FC2. What other publisher would get into an editorial debate about whether or not to consider potential sales as a factor in publishing a season’s list? And how did a publishing entity of such comic purity manage to survive for 29 years? And let’s not forget that these were years when many, if not most, of the major publishing houses ceased to exist.

The paradoxical answer is lack of money. We all like money but we all know that real writers don’t write for money. So the attitudes of writer-controlled FC2 in this respect mirror the deepest attitudes of writers everywhere. Why do we write? A complex of reasons: for fame or, at least, attention; for love; as a form of therapy; as a way of thinking; as a pursuit of cultivation; as a way of amusing oneself; as a relief from more tedious occupations; and no doubt a myriad of other reasons that make composition an end in itself — of the writer, by the writer, for the writer, and whoever else wishes to listen in.

Other presses go under when they stop being profitable. FC2 is used to being broke. Broke is the water we swim in. Our major fiscal goal is to break even every year in a delicate guessing game concerning how many books we can publish. The main response we get from foundations is that we can’t be endowed because we have insufficient resources to do what we’ve been doing for 29 years. And it’s true, we can’t do it. But we do do it because FC2 is not a business operation, it’s a morale operation. It exists because we want it to exist. There have been times when we only had money to publish one or two books a year and we went with that until we had money for more. Just to keep it alive. Because we wanted it to survive. Because we thought it was important to publish good writing.

Now, however, at a time when FC2 is in optimal working condition, it’s probably a good idea to plan for the lean years that seem to be coming for the arts and book publishing in particular. And first of all, it may be time to throw the concept of good writing overboard. Because “good” in this context tends to slide, begins to mean literary, and the literary, while celebrated in textbooks, always involves a judgment after the fact: based on formal models which when they appeared may not have seemed literary at all but rather strange, abrasive, indecipherable. What I’m suggesting is that we sacrifice the appearance of the literary for books that display high energy, deep feeling, impact and wisdom. And that as such show promise of reaching an audience.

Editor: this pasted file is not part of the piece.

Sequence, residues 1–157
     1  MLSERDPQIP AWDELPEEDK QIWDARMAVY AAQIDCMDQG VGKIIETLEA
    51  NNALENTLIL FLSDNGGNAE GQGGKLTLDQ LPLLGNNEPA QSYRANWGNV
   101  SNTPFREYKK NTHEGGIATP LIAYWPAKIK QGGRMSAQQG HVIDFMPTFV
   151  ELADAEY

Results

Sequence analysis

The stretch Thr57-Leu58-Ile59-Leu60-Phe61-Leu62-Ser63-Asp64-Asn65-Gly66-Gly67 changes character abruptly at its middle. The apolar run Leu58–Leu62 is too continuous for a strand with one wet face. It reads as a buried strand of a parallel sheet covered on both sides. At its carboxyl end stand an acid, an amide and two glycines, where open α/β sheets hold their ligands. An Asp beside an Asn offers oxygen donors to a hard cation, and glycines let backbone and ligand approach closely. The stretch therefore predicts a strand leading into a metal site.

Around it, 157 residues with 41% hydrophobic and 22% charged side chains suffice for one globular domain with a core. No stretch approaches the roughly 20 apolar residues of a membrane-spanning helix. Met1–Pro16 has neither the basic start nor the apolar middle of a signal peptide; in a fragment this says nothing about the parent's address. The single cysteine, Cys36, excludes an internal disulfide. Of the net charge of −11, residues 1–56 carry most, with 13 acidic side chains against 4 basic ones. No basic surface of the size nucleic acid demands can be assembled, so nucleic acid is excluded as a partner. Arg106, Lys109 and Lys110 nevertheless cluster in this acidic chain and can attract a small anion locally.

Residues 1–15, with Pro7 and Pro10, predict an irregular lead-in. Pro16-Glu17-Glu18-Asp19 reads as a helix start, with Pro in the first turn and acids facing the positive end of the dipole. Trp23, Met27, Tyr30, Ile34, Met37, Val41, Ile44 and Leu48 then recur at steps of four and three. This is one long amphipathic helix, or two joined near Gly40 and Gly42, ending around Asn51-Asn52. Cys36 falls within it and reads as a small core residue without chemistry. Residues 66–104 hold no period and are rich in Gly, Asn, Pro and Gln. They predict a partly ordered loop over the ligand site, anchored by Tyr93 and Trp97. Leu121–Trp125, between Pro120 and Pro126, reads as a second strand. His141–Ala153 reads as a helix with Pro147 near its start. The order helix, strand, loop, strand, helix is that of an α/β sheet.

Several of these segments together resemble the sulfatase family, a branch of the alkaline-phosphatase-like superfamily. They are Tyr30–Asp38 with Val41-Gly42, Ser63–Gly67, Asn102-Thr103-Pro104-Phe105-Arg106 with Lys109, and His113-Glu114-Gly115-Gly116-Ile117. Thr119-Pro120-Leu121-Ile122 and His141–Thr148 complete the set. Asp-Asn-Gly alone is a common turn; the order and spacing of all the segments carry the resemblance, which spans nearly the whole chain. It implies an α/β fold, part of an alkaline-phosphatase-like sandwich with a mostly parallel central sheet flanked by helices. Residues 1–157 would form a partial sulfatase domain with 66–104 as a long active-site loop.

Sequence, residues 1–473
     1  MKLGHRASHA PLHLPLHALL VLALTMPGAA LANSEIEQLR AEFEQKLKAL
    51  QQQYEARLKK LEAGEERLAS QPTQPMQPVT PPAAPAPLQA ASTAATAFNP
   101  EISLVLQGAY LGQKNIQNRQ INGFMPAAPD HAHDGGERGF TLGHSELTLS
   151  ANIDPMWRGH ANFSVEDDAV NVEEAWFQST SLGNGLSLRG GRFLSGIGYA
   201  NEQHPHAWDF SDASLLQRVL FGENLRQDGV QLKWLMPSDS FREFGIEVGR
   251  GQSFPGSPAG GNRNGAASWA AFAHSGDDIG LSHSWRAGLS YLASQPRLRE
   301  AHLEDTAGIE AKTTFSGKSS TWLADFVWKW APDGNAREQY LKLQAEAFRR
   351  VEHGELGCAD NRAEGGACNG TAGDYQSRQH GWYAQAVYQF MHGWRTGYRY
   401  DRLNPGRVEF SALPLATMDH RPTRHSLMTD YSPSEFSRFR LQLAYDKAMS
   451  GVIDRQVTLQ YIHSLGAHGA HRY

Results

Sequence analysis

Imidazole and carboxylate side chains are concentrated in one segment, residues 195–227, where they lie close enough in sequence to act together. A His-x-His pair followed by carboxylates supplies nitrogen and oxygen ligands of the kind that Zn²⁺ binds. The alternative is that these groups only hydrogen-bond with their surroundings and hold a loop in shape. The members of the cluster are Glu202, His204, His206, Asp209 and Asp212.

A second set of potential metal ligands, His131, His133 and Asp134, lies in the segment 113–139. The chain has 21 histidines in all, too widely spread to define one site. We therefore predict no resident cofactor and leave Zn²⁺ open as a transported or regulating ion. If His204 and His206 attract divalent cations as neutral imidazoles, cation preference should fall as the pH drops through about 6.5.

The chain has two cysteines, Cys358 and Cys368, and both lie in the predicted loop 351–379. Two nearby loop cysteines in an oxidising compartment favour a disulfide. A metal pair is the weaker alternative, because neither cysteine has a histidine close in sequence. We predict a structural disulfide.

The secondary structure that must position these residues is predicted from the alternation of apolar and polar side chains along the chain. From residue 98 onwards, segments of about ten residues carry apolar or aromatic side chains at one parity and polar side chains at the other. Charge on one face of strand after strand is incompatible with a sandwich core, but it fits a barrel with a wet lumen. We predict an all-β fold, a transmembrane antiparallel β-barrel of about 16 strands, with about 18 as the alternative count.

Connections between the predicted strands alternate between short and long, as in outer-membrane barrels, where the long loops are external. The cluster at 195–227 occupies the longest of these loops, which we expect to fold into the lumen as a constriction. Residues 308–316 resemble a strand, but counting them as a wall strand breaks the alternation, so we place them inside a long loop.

And to hell with form. Subject can be ground-breaking too. Let’s seek out books with rough edges, scandalous books, books distinguished from trash only by vigorous writing, books that break taboos, that piss you off or that sweep you away with their urgencies. And above all, books that don’t toe any line of doctrinaire ideology, no matter how virtuous. We should look for manuscripts that explode off the page with energy, confusion and turbulence, manuscripts that neither we nor the author yet completely understand. We should give preference not to the obscure, but to the dynamically confused and authentically misinformed. Truth and virtue are not the ingredients of exciting fiction.

Literary fiction is dying. Maybe it deserves to die. In any case we need to crystallize a new audience for exciting fiction and to do that we need to look for writers who favor experience over literature. Content over form. Vitality over correctness. American fiction has been sanitized, globalized and nortonized, producing writing that is not exactly slick but more like smooth. Let’s rough it up a little. Let’s elicit the shock of disapproval. Let’s not be afraid of scandal. And let our books be offensive to those who take offense. It’s in the nature of an opposition to offend. And FC2 is in opposition by nature.

Ronald Sukenick was on the cutting edge of American fiction and publishing for four decades. He has won an American Book Award for Lifetime Achievement and the American Academy of Arts and Letters prestigious Morton Dauwen Zabel Award, and is founder and publisher of American Book Review. His FC2 books include Last Fall, The Death of the Novel, Up, Mosaic Man, Doggy Bag, Endless Short Story, Long Talking Bad Conditions Blues, and 98.6.